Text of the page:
Nearly half of England will be Help to Buy 'no go zones' in 2017

23 September 2016

First-time buyers hoping to use their Help to Buy Isa may find they’re unable to do so, as nearly half (46%) of England will cost more than the eligible thresholds by 2017.

The idea behind Help to Buy Isas is to help people save a deposit to buy their first home. The government will contribute £1 towards your deposit for each £4 you save, up to a maximum contribution of £3,000 on savings of £12,000.

They can be used to buy homes costing no more than £250,000, or £450,000 if you’re buying in London.


But online estate agent eMoov, says that 46% of England will be unobtainable for those looking to get on the ladder with the Help to Buy Isa by Spring 2017.

Its analysis found that when the Help to Buy Isa was introduced on 1 December 2015, 101 of 326 districts in England were Help to Buy no-go zones due to the average house price exceeding the Isa threshold (17 London boroughs and 84 districts across the rest of England).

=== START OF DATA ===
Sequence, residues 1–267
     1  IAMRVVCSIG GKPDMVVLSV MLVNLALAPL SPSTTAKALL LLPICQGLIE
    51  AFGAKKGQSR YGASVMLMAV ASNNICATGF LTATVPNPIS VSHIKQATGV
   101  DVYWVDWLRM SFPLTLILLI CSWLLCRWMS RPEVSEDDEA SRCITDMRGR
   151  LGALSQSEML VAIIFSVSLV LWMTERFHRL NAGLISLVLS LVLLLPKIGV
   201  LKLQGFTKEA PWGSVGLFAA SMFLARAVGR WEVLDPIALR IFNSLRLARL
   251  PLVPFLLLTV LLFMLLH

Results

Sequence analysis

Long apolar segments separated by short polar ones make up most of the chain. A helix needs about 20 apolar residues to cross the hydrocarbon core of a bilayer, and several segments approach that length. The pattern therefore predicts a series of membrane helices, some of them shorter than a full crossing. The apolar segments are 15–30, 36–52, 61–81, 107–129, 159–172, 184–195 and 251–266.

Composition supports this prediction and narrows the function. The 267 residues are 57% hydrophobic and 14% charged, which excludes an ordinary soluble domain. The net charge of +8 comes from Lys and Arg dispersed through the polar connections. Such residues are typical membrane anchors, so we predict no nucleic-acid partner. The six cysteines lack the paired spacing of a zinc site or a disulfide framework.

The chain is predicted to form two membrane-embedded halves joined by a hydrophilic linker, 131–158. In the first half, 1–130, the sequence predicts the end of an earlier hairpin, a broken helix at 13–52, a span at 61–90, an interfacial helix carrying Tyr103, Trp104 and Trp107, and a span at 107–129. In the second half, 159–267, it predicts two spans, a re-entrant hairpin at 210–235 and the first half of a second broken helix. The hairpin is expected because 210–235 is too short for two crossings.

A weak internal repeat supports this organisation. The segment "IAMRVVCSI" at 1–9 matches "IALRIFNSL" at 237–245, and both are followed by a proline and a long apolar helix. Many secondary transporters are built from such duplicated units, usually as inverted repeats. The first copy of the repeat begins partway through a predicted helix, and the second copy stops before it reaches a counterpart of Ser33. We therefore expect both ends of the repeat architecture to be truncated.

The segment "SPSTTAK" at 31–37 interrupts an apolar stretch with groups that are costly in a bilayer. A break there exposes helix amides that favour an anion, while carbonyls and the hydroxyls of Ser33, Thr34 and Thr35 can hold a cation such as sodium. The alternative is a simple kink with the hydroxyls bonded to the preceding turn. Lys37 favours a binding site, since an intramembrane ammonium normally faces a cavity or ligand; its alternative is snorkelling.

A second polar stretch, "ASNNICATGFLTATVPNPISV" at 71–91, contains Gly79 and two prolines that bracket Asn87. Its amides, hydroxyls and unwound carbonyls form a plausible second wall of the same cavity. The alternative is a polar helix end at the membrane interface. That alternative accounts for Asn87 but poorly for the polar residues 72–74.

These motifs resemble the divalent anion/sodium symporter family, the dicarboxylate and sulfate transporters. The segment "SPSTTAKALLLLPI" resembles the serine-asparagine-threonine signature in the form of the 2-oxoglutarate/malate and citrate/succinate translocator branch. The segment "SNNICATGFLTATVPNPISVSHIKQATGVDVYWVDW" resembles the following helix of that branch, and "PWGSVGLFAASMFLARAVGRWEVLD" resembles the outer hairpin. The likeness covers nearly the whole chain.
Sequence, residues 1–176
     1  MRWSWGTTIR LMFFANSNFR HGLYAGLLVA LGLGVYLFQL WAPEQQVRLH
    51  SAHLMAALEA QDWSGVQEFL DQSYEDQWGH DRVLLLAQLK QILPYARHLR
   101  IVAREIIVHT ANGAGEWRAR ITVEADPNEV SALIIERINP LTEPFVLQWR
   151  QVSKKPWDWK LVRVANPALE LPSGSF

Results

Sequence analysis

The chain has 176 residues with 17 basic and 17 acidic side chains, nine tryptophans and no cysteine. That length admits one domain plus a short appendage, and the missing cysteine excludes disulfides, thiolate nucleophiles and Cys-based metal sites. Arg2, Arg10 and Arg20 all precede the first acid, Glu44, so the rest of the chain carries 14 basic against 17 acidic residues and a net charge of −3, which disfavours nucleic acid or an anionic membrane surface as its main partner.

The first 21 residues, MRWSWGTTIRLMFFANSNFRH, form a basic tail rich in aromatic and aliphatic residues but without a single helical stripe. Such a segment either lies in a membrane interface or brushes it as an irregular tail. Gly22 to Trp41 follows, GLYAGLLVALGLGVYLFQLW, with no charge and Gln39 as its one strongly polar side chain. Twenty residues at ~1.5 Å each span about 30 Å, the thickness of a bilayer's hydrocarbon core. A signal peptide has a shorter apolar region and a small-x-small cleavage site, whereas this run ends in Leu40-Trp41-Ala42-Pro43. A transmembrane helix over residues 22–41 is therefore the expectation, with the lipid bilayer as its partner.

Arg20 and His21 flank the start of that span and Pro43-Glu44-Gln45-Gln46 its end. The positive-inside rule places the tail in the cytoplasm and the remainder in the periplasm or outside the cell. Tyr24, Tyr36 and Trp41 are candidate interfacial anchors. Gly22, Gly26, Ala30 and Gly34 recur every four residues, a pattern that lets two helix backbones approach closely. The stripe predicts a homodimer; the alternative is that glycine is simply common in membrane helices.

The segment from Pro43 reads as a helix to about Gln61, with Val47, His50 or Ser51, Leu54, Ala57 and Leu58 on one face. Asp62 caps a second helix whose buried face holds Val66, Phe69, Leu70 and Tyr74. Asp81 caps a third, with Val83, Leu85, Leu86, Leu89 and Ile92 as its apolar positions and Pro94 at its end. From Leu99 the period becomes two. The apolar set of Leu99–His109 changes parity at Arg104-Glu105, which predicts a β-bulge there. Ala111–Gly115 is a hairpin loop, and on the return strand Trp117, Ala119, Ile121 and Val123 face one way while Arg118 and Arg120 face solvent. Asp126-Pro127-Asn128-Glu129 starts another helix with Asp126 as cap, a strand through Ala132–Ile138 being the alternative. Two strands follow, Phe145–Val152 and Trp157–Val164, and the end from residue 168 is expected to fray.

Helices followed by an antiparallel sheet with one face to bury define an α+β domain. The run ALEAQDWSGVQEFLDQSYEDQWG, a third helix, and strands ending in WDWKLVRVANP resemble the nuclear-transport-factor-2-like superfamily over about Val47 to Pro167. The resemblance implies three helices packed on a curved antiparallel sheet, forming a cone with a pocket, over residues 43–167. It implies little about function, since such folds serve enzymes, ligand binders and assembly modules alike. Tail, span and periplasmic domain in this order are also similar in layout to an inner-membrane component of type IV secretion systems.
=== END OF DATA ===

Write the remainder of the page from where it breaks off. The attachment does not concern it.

But in the eight months from December 2015 to July 2016, the average house price in a further 28 areas has since exceeded the thresholds (26 outside of London and two London boroughs).

Plus, assuming a similar rate of price growth, eMoov highlights that a further 21 districts across England (16 outside of London and five inside London) could become beyond the grasp of the country’s struggling aspirational homeowners by March 2017.

See the table below for the full details.


Homes outside England are more affordable

In Northern Ireland, Scotland and Wales, eMoov found that average house prices across the entirety of both countries remains within the Help to Buy threshold of £250,000 and should continue to do so until at least March 2017.

Founder and CEO of, Russell Quirk, says: “Across England there are still plenty of areas available below £250,000. However, if you do need help to get on the ladder but would prefer to choose where you live rather than have it dictated by the government, the only option is to look further north or across borders to Wales and Scotland.”

Click on the tables below to enlarge:

Source: eMoov

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